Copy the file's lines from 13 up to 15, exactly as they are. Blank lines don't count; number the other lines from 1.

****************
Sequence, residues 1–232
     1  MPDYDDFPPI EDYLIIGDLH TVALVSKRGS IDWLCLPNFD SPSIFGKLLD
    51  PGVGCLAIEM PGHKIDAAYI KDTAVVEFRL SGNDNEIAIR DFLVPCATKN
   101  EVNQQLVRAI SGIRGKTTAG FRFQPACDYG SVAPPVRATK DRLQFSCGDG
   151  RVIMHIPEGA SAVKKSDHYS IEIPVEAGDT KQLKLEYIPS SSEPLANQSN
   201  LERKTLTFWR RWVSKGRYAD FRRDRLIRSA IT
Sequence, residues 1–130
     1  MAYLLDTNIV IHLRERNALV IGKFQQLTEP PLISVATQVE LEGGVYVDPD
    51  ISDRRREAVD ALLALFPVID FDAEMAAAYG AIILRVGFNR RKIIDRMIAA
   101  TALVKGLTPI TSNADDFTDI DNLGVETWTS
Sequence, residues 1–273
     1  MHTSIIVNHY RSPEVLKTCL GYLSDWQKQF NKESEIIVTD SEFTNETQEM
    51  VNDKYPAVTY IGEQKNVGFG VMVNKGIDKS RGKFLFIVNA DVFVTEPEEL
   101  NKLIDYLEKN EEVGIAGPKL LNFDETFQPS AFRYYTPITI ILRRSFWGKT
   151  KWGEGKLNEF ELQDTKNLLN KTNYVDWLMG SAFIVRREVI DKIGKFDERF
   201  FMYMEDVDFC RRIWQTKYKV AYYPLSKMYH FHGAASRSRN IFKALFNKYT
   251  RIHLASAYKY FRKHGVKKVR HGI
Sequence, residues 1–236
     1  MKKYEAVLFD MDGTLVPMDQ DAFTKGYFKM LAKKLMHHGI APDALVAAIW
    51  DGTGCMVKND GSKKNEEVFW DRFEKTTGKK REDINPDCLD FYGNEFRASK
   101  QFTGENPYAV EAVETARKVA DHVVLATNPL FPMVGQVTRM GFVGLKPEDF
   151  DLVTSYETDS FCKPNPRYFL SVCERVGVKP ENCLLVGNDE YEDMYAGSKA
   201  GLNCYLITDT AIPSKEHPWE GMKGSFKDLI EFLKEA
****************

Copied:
    51  VNDKYPAVTY IGEQKNVGFG VMVNKGIDKS RGKFLFIVNA DVFVTEPEEL
   101  NKLIDYLEKN EEVGIAGPKL LNFDETFQPS AFRYYTPITI ILRRSFWGKT
   151  KWGEGKLNEF ELQDTKNLLN KTNYVDWLMG SAFIVRREVI DKIGKFDERF